Most recently it has taken away the perfect internship that I applied to and got accepted into a few months ago. Months that came before the most recent COVID surge, before my anxieties and my health concerns started mounting at a speed I could barely follow. During those months I held onto the possibility of starting this new journey with excitement but also growing sadness. As the weeks went on I began to see that my body was winning and that it was going to try to stop me.
This fight mentality is hard to live with. Fighting connotes anger and aggression, neither of which I have. So being angry at myself day after day became exhausting quickly. As I write this it is just a couple of days before I am due to start at the new workplace. I have still not given up enough to write to tell them that I am unable to come. Somewhere in me I always think maybe I can keep fighting just a little longer and then everything will turn around and I will win this one. The thought of writing out that email pulling out of yet another commitment makes me want to throw up. It fills me with guilt and shame and frustration all directed towards my body and my mind. When I inevitably send that email I will cry thinking of how I allowed my weak mind and body defeat me again. To take away another thing that I had wholeheartedly planned and wanted to do.
I may have had all the world’s best intentions, but the people on the other side of that email don’t know me. They have never met me. This may seem like a good thing- the email of the quitter will essentially be anonymous. But they will also think badly of me for being that person who pulls out of something at the very last minute. They will never know the battle that raged between every part of me for weeks leading up to the defeat in the form of that email.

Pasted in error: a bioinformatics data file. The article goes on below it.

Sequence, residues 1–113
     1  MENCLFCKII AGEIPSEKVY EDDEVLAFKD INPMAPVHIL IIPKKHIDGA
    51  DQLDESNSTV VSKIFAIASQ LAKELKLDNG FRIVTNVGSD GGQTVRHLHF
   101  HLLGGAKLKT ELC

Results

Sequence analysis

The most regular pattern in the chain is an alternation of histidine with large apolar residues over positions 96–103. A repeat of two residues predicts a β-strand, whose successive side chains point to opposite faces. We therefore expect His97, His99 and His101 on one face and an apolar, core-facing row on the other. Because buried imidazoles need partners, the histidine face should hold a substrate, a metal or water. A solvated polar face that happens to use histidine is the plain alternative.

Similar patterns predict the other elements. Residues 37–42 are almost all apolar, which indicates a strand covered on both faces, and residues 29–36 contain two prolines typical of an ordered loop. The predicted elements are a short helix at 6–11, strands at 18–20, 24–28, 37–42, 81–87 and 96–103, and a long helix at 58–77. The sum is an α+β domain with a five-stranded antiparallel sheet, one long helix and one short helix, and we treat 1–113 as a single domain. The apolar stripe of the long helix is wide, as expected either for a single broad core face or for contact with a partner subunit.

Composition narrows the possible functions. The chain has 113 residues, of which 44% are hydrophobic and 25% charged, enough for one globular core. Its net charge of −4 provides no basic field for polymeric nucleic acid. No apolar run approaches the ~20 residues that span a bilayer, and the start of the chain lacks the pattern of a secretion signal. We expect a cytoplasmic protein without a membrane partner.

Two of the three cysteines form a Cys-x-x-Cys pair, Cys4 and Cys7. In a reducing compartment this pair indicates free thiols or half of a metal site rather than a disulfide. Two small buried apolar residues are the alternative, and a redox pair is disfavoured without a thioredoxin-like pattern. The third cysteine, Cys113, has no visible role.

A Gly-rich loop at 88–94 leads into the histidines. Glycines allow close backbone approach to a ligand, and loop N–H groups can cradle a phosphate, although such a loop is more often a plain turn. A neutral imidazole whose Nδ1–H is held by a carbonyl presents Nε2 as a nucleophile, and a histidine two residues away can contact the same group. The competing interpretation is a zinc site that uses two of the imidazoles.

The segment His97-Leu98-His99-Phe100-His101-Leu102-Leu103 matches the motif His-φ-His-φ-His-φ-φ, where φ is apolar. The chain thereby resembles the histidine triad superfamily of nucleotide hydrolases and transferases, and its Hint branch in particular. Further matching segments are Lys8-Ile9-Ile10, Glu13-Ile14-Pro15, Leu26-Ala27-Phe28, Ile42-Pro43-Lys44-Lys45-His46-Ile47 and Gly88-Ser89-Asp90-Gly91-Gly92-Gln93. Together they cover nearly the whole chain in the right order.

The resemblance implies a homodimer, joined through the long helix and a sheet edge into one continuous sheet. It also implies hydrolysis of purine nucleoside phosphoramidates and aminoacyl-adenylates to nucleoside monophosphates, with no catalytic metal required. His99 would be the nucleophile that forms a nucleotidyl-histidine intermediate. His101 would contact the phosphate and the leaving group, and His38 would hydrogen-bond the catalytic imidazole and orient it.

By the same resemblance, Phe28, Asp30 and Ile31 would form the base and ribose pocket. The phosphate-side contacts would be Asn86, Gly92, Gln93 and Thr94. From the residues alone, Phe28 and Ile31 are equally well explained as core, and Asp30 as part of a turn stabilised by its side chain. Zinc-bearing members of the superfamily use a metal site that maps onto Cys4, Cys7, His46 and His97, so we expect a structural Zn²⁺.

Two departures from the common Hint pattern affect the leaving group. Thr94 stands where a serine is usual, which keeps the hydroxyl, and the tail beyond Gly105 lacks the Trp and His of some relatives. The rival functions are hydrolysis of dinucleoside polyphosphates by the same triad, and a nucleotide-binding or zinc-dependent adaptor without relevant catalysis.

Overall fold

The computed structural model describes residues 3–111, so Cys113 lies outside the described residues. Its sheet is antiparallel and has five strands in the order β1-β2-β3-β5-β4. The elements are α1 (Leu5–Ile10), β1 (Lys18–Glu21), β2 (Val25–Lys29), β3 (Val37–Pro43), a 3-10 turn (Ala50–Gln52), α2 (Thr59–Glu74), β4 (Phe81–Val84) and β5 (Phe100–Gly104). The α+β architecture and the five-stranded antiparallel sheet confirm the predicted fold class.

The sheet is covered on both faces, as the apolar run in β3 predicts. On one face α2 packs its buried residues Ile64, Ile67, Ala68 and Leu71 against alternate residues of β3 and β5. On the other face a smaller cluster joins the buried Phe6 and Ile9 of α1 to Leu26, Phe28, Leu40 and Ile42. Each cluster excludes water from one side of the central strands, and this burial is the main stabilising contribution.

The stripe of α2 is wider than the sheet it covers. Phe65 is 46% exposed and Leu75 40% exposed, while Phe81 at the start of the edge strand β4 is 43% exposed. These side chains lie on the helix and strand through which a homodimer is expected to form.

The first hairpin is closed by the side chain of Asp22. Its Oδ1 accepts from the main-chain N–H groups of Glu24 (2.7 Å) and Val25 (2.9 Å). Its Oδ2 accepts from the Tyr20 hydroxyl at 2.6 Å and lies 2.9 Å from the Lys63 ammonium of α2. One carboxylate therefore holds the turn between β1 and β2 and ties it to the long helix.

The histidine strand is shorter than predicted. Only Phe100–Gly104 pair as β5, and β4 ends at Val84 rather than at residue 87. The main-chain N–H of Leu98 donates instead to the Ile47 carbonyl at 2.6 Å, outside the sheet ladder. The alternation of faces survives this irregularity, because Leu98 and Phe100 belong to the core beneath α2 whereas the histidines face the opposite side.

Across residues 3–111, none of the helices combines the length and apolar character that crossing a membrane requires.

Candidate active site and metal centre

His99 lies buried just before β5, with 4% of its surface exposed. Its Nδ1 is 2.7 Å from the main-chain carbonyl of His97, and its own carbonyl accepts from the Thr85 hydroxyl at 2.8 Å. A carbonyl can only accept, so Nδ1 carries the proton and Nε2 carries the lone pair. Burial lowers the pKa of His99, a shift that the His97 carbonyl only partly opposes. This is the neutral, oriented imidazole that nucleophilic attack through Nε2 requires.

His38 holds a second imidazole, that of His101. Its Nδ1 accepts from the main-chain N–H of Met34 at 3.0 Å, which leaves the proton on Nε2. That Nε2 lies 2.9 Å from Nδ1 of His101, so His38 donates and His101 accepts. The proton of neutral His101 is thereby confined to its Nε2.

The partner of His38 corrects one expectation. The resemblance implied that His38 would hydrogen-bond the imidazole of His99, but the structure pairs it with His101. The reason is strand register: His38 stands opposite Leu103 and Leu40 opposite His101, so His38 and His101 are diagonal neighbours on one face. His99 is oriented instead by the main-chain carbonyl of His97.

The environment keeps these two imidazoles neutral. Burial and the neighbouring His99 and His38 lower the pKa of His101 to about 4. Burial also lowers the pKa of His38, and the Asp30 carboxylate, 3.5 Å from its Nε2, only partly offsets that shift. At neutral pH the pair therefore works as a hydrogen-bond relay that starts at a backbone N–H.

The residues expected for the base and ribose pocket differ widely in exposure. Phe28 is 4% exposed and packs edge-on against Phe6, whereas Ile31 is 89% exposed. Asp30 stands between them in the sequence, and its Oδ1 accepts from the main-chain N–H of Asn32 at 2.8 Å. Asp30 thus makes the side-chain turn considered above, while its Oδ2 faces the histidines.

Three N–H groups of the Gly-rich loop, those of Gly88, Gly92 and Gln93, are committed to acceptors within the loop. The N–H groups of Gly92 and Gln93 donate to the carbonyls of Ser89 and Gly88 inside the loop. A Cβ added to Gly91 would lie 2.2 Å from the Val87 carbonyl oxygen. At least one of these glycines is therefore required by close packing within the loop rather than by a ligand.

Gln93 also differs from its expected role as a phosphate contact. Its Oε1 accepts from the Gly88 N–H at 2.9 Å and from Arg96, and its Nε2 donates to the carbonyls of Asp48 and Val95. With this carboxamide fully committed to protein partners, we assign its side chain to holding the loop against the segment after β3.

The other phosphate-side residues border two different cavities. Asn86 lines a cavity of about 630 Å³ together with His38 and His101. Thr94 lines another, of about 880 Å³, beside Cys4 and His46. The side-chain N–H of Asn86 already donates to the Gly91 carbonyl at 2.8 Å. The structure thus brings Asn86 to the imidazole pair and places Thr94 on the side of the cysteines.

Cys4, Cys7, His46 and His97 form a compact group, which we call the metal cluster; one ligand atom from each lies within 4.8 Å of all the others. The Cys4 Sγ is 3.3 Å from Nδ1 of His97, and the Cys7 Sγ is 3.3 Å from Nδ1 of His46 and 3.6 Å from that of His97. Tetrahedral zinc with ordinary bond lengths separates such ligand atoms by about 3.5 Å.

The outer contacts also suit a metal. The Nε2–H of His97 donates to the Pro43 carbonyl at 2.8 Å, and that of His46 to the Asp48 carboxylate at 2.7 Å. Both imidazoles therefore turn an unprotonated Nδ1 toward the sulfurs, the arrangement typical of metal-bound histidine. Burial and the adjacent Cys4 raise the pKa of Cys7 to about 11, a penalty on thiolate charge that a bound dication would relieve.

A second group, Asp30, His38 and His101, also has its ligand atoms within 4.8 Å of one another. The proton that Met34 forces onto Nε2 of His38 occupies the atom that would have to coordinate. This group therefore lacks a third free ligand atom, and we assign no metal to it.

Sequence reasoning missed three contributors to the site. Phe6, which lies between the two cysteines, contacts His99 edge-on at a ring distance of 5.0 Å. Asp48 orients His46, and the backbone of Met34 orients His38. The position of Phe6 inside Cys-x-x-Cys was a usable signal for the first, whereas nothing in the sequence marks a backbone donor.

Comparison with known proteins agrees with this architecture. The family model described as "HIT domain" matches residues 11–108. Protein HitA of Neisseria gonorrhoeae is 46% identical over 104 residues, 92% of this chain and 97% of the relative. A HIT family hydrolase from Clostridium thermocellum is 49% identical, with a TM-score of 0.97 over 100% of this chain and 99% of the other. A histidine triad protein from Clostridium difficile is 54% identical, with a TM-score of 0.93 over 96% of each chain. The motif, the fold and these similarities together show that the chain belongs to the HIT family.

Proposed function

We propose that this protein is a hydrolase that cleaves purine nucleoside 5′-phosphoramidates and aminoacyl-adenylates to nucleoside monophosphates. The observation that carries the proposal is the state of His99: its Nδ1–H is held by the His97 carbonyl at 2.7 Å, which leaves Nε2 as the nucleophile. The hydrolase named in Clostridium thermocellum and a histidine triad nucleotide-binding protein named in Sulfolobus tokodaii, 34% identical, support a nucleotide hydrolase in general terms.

No matter how hard I try to take advice like “be kind to yourself” and “you’re doing your best, that’s all you can do” to heart, I still feel ashamed. Ashamed of every time I have had to disappoint someone who was relying on me. Ashamed that other people my age are living and working, creating a life that I don’t even dare think about because it seems so far out of my reach.
I’m not at the point yet where I can be at peace with letting my illness win. But I know I need to get there. When you fight yourself you will always lose.